KARACHI: For Dr Shobha Luxmi, life has completely changed since she was appointed head of an isolation ward for coronavirus patients at the government-run Dow University of Health Sciences Hospital Karachi.
She is one of thousands of medical professionals at the forefront of Pakistan’s battle against the formidable coronavirus outbreak, which has left millions under lockdown in the South Asian state of over 200 million people.
The challenge is all the more greater given the country’s weak public health system.
Apart from the risk of contracting the virus from patients, doctors, nurses and other medical staff are also constantly dealing with a growing sense of anxiety and the exhaustion of their unending shifts.
Lack of safety precautions at state-run hospitals poses a threat to medical staff
“My life has turned upside down over these past few weeks. I have almost been working round the clock. I just get a few hours of sleep, and even then I am thinking about the hospital,” Luxmi, 40, an expert at the Dow University of Health Sciences, told Turkish news outlet Anadolu Agency.
She receives hundreds of calls and emails each day, in addition to attending meetings, monitoring screenings of suspected patients and treating patients who have tested positive.
Her hospital is receiving about 500 patients every day, at least 100 of whom are screened for Covid-19, and four to five are testing positive on a daily basis.
“Before this, I only had teaching and administrative duties. Now it seems the burden of the entire world is on my shoulders. I do not switch off my mobile phone for a minute because I know there may be an urgent call at any moment,” she said.
“I have had no time for my only daughter or her studies, my family, or my parents. My daughter has started complaining now; I have not cooked for her for over two weeks.”
D. Omer Sultan, 36, carefully donned his protective suit, face mask, gloves, and goggles in a changing room at Jinnah Postgraduate Medical Centre (JPMC) in Karachi, one of the country’s largest medical facilities, before entering an isolation ward to check on suspected Covid-19 patients.
“Things have totally changed after the coronavirus outbreak. We were never this careful about our own safety. It really has become a nerve-wracking job,” said Sultan, an office-bearer of the Young Doctors’ Association.
“This is not just my story. Every doctor, nurse, paramedic, and even the security guards, are risking their lives to save others.” He was full of praise for the nursing staff, especially women who make up around 70 per cent of the total strength, for being at the forefront of the battle against Covid-19.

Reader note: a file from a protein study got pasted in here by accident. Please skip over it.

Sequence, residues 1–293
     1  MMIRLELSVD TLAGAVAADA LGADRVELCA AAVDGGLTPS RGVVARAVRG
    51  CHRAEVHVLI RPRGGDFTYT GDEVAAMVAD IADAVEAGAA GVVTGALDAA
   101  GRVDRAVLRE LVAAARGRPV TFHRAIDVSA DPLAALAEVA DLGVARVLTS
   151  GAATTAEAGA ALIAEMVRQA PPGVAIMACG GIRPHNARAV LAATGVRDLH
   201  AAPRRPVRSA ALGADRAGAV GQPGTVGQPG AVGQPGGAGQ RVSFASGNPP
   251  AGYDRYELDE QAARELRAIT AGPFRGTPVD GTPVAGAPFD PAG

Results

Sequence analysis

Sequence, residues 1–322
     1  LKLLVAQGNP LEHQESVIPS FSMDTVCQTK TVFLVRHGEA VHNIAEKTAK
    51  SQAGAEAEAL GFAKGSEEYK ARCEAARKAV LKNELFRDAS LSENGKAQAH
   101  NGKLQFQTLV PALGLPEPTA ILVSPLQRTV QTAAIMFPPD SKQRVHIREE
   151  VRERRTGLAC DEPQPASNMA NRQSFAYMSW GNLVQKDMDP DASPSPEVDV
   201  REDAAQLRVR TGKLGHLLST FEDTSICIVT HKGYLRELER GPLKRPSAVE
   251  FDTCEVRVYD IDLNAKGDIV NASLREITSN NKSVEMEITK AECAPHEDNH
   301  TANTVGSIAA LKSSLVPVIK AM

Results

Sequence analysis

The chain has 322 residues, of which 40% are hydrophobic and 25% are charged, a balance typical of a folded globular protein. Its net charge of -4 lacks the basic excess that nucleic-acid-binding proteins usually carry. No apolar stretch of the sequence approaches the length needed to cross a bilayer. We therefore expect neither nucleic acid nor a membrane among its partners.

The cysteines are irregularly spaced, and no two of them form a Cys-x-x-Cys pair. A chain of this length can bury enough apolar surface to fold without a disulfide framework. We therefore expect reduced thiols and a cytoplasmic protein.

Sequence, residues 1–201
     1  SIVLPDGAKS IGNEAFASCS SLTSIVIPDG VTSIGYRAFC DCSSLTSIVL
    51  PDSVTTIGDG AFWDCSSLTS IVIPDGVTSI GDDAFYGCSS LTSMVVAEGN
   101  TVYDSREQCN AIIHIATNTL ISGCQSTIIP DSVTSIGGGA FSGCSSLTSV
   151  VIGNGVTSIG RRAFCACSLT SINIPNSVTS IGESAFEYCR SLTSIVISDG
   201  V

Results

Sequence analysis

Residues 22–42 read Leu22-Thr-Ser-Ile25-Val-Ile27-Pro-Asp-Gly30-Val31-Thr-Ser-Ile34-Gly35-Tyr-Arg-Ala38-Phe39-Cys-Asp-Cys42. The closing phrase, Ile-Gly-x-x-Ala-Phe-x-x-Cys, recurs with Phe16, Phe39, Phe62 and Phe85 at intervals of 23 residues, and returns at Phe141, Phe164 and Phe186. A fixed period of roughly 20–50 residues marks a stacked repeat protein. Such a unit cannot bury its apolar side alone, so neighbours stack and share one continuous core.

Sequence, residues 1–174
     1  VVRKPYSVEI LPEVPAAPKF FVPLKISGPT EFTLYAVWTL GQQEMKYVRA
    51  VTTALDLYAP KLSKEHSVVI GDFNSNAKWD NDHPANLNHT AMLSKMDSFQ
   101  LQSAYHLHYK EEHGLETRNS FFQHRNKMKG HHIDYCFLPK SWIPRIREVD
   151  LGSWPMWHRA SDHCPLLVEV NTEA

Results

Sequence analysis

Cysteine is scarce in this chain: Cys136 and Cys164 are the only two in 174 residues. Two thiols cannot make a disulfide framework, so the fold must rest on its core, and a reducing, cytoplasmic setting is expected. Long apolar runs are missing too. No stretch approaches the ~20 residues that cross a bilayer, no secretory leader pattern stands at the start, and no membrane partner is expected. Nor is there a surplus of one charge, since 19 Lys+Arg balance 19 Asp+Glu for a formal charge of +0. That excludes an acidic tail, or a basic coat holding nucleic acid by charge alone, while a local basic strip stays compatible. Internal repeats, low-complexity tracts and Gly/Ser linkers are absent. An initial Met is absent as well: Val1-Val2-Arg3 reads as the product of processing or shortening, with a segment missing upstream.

“They have done a tremendous job. They have been away from their homes and families to serve the nation. I, as a doctor, feel that these women have done a greater job than any of the men in this profession.”
The dedication of these medical professionals is not lost on their fellow countrymen, as Pakistanis across the country will wave white flags from their rooftops and windows on March 27 to pay tribute to their selflessness and commitment.
“This is not a favour to anyone; this is our duty, and our time to serve our nation,” said Luxmi.
Concerns for safety
But a lack of proper equipment at many government-run hospitals in Pakistan has raised concerns for the safety of medical professionals.
Last week, a young doctor, Osama Riaz, died of Covid-19 in Gilgit-Baltistan, which borders neighbouring China.
He had contracted the virus while screening people who had returned from abroad, mainly pilgrims coming back from embattled Iran.
Two young doctors and a nurse deputed at quarantine wards in Lahore and Sukkur have also tested positive for Covid-19, according to Sultan.
“Safety precautions for doctors dealing with suspected patients are quite unsatisfactory. Only doctors deputed at isolation wards have proper personal protective equipment. Hundreds of doctors who are dealing with suspected patients are doing so without proper masks and gloves,” he said.
Luxmi endorsed his view and said there were legitimate concerns over the lack of safety measures.
“It is true that doctors and staff members are working without proper protection at several hospitals. But at our hospital, I do not let any doctor, nurse, or paramedic see any suspected patient without the complete safety gear,” she said.
The total number of coronavirus cases in Pakistan is now over 1,100 with eight confirmed deaths. Some 21 people have recovered.
The coronavirus emerged in Wuhan, China, last December and has now spread to at least 175 countries and territories. The World Health Organisation has declared the outbreak a pandemic.
The number of confirmed cases worldwide has now surpassed 472,000, while the death toll is more than 21,300, and over 114,800 have recovered, according to data compiled by the US-based Johns Hopkins University.
Despite the rising number of cases, most who become infected suffer only mild symptoms and recover.
Published in Dawn, March 27th, 2020